Morris, James P.
Assistant Professor, Psychology
- BA, Psychology, University of Cincinnati
- PhD, Biopsychology, Stony Brook University
- Postdoc, Neuroimaging Cognitive, Duke University
- Postdoc, Neuroscience, Yale University
Social perception and cognition; Social Neuroscience; Human Neuroscience
I am interested in characterizing the neural processes underlying typical and atypical human social behavior. My lab incorporates a multimodal approach employing such techniques as electroencephalography (EEG), event-related potential recordings (ERPs) and functional magnetic resonance imaging (fMRI). Current projects include 1) investigation of subcortical networks supporting imitative behavior, 2) the neural basis of pretense understanding, 3) the malleability of the brains response to in- and out-group members, and 4) epigenetic modulation of brain activity evoked by social stimuli.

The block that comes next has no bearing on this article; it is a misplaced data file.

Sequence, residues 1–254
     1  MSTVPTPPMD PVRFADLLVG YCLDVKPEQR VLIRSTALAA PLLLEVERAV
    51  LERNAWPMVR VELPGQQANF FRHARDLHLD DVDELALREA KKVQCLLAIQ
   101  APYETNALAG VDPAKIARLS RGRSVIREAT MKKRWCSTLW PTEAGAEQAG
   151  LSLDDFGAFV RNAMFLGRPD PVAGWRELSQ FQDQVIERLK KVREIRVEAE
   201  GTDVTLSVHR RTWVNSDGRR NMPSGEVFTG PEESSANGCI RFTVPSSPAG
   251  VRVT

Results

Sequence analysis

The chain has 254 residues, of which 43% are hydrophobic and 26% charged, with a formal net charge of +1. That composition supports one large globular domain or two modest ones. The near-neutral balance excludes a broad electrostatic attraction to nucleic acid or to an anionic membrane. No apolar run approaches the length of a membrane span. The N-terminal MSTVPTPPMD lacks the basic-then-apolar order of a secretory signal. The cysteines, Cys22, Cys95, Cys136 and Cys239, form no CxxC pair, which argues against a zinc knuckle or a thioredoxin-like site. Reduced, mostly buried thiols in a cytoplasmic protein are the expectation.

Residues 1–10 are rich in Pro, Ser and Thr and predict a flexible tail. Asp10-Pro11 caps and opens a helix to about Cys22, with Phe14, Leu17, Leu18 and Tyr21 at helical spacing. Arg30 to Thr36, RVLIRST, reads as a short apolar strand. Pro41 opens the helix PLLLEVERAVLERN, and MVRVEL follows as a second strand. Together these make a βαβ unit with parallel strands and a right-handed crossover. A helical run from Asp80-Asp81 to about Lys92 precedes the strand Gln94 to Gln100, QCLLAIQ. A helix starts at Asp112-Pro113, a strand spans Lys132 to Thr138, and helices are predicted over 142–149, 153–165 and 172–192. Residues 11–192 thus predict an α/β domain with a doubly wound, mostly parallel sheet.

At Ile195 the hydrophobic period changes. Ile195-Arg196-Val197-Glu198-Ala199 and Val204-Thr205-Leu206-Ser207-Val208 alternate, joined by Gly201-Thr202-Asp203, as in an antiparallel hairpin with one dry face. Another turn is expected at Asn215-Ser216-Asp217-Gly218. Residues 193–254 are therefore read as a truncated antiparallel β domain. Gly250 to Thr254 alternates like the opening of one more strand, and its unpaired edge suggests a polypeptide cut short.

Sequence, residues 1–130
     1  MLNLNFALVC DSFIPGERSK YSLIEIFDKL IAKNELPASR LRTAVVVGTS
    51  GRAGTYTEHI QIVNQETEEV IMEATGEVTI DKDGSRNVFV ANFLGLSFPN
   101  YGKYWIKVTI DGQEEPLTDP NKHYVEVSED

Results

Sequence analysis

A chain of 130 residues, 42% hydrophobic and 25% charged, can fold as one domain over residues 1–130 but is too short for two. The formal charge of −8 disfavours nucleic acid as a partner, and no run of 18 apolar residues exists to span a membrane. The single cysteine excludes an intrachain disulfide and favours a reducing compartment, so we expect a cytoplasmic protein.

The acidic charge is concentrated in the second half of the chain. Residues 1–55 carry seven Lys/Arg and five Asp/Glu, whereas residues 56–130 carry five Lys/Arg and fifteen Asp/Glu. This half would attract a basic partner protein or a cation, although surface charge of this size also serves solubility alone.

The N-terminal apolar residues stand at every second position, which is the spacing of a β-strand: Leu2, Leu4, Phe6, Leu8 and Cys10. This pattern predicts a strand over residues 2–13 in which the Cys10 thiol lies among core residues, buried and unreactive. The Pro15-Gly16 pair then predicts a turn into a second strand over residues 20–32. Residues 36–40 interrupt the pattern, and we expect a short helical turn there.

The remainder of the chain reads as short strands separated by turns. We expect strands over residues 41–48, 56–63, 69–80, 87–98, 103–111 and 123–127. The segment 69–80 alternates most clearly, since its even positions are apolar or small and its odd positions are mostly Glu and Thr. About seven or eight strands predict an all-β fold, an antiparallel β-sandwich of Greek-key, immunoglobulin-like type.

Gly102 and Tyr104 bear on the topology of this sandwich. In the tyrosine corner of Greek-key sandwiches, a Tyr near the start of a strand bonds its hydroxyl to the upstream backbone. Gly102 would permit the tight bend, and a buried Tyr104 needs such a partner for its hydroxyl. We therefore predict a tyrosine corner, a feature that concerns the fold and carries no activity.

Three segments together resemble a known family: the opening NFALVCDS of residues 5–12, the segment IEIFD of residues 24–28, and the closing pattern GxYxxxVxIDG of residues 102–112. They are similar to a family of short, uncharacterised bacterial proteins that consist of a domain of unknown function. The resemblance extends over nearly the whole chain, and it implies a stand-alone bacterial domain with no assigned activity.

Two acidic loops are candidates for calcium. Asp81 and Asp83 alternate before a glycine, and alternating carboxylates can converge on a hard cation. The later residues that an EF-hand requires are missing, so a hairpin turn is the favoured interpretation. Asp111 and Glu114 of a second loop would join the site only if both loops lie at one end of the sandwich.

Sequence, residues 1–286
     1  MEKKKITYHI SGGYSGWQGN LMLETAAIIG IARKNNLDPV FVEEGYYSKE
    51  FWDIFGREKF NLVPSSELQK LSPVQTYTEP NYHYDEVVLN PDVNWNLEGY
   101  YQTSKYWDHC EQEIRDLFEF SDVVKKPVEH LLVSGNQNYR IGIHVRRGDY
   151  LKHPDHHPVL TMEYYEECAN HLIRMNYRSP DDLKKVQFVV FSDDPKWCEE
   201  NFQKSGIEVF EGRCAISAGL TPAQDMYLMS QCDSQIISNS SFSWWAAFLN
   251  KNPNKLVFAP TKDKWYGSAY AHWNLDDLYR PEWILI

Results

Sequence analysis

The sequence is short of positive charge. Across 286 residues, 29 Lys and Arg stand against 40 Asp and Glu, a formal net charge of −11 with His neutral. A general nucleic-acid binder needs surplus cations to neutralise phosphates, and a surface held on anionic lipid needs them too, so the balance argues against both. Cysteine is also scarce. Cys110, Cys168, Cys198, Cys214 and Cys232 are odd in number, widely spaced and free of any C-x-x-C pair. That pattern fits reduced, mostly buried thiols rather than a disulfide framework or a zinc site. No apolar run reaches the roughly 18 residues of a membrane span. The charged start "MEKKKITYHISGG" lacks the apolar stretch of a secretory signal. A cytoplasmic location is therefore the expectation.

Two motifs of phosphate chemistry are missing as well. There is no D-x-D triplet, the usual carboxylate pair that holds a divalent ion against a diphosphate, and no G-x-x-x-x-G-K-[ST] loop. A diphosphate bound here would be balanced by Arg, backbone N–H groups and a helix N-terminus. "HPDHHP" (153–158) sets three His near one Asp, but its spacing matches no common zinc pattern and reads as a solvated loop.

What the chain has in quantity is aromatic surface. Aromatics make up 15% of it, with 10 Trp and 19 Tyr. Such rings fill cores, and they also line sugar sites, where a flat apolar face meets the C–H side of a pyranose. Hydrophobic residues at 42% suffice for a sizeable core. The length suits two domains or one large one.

UNLEASH (Undergraduate Research)
Our lab focuses on the neural bases of normal and social function using a multimodal approach. By using such techniques as functional magnetic resonance imaging (fMRI), electroencephalography (EEG), scalp-recorded event-related potentials (ERP), and eye-tracking, we seek to understand how social behavior and brain processes interact. Past studies have focused on pretend play in adults, face recognition for in-group and out-group members, imitation, and self-transcendence.
Undergraduate RAs play an integral role in the lab. Duties include running subjects, data collection and analysis, stimuli creation as well as the opportunity to work alongside graduate students and create original research ideas. Experience with programming is preferred.
Contact: Morgan E. Lynch